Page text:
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Arnold of Soissons: the patron saint of beer

Tijana Radeska
Arnold of Soissons

Arnold of Soissons was born in the town of Brabant near Brussels around the year 1040. He trained to become a soldier since his youth and later served under Henry I of France for a few years.

Then he settled at the Benedictine St. Medard’s Abbey at Soissons in France, where he served as a hermit for the first three years. Then he was honored with the title of abbot of the monastery.

St. Arnold of Soissons is often depicted with a bishop's mitre and a mash rake. Photo credit

St. Arnold of Soissons is often depicted with a bishop’s miter and a mash rake. Photo credit

According to his hagiography, Arnold refused the title and went away.

As stated, he was forced by a wolf to go back to the monastery and to accept the honor. So he did return and became the abbot. Later, around the year 1080, he was again honored, this time with the position of bishop. And as modest as he was, he tried to avoid before being forced by divine intervention.

When another bishop intervened to take Arnold’s position, instead of fighting he willingly left the monastery and decided to live more quietly, so he founded the Abbey of St. Peter in Oudenburg.

There he finally found his real passion – brewing beer. In medieval times, beer was an essential, as many places did not have access to clean drinking water. Arnold gladly brewed the beer for the local peasants and encouraged them to drink it instead of water.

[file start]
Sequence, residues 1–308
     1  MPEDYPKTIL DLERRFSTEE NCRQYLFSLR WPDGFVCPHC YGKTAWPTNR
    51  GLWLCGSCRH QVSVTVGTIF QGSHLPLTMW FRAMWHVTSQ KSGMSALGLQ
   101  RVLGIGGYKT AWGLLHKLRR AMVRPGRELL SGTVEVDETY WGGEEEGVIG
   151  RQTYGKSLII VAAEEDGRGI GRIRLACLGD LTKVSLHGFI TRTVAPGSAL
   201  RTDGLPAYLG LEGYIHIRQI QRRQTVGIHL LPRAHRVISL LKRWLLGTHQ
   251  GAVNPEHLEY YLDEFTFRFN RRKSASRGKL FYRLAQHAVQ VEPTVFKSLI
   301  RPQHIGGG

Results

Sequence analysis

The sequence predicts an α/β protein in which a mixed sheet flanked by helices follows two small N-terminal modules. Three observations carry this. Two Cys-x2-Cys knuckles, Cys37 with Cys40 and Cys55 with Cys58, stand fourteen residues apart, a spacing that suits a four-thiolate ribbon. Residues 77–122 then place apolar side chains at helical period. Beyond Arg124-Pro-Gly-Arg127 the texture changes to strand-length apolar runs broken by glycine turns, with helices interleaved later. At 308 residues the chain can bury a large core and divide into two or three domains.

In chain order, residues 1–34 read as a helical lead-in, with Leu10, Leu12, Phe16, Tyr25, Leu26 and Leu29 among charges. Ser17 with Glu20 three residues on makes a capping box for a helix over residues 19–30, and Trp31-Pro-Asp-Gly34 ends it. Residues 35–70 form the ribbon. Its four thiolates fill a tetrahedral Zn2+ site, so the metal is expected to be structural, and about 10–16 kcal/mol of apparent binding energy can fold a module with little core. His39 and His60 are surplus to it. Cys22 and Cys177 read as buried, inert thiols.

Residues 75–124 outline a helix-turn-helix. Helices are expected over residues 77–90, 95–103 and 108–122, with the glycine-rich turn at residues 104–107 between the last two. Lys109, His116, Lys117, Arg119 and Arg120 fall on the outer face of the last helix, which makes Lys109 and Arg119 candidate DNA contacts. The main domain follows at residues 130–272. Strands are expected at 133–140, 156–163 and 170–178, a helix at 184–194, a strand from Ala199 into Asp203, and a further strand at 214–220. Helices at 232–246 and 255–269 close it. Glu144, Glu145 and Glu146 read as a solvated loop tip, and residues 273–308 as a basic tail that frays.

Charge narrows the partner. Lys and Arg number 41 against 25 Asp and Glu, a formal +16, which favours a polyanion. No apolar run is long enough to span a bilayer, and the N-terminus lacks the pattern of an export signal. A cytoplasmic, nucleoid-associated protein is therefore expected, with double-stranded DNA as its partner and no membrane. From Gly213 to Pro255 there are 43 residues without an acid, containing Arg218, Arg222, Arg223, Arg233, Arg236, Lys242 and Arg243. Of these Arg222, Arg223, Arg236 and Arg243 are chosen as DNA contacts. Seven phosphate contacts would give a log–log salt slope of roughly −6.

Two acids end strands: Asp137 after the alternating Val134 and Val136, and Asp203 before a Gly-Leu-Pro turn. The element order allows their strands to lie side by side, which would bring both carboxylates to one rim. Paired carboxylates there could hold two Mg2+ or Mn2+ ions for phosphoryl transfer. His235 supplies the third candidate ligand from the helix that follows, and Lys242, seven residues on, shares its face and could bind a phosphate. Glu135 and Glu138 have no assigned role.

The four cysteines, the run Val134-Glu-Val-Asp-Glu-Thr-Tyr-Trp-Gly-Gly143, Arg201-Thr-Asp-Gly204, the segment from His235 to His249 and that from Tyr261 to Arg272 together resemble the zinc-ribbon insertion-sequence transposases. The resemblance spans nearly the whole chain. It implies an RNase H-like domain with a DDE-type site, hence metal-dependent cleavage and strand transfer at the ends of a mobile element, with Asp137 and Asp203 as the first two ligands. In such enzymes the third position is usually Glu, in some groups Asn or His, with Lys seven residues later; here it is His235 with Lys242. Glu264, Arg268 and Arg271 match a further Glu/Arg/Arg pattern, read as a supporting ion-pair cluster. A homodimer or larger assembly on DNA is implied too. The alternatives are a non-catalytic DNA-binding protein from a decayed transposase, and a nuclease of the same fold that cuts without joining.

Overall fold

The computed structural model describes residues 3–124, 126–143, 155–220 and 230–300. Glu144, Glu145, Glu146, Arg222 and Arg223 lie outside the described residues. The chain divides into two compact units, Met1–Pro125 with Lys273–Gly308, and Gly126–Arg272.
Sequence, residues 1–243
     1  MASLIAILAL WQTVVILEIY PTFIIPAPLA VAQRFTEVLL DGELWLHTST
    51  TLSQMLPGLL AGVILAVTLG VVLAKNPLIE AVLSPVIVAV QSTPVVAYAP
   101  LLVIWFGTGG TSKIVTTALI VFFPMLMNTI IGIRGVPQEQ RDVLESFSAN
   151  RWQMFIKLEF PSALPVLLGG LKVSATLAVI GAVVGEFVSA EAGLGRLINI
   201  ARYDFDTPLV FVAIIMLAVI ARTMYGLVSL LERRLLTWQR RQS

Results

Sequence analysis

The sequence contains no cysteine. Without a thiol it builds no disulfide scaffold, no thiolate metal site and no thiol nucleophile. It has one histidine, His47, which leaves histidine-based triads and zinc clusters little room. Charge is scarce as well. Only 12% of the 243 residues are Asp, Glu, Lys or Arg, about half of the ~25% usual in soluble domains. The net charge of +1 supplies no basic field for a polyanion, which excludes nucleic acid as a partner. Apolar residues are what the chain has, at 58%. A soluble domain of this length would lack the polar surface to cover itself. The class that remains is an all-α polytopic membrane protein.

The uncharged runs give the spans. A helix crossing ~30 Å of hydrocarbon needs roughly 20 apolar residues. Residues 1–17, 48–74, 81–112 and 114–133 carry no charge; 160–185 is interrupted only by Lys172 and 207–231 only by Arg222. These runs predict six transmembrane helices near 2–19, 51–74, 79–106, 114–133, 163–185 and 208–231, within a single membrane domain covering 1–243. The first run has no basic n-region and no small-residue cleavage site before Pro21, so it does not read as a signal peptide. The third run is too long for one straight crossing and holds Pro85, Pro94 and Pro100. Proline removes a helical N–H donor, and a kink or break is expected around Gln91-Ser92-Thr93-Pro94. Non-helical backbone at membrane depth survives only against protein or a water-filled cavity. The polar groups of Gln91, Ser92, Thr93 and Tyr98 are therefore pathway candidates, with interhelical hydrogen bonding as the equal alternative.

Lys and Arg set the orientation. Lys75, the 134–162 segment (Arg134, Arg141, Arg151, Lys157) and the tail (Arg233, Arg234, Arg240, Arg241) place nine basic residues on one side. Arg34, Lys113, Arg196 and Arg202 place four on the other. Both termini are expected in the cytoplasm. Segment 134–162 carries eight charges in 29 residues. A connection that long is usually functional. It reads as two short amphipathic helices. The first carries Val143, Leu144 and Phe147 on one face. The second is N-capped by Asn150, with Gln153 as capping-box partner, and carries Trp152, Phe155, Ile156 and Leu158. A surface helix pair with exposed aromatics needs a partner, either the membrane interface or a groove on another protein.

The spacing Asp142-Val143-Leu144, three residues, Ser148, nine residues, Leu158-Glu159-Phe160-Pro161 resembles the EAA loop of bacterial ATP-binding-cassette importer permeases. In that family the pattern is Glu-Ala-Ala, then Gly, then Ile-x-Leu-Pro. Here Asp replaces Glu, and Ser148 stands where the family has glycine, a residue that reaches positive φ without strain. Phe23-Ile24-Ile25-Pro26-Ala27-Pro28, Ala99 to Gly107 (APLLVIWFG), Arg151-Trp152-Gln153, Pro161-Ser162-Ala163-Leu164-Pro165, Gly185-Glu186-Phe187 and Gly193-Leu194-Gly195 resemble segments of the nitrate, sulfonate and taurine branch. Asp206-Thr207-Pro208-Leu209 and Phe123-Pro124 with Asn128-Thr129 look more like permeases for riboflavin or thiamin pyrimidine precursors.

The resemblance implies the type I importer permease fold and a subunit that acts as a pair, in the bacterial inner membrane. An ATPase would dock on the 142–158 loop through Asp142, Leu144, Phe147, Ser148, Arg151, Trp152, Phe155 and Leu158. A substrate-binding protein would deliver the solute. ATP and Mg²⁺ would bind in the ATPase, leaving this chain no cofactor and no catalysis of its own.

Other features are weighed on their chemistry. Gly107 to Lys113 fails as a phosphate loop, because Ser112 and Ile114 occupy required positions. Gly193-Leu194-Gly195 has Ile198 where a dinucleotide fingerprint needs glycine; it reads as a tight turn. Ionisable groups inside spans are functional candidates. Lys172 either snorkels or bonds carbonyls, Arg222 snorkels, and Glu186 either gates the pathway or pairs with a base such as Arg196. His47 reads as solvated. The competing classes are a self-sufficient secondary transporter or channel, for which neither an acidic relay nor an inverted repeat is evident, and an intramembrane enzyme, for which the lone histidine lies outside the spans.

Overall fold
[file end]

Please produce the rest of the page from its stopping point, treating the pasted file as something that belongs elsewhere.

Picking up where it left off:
Ruins of the Abbey in Oudenburg. Photo credit

Ruins of the Abbey in Oudenburg. Photo credit

At the time beer was considered as “gift of health” due to the spent yeast it contained and to its very low dosage of alcohol.

This beer recipe was spread all around medieval Europe and was a common drink at breakfast and during the day.

The level of alcohol was enough for relaxation and sufficient for the body to stay hydrated, and on the other hand, the yeast provided vitamin B which just added to the healthy effect of the drink.

Steenbrugge Dubbel Bruin with the picture Arnulf. Photo credit

Steenbrugge Dubbel Bruin with the picture Arnulf. Photo credit

When the plague arrived in the town of Oudenburg, Arnold was still an abbot there and prevented the Christians from drinking the water. Instead, he served them with his alcoholic brews and many of the people in the town survived the plague.

The same happened with the outbreak of cholera, only this time, the epidemic was all around Belgium and Europe except in Oudenburg. Nobody in the town got sick.

Like old wine stories? Here’s another story from us:  Tasting wine from 150 year-old Civil War shipwreck Mary-Celestia – hints of crab & gasoline

Hence, Arnold is a real saint. He brewed medicine, not alcohol. St. Arnold is honored in July with a parade in Brussels on the “Day of Beer.”

Tijana Radeska

Tijana Radeska is one of the authors writing for The Vintage News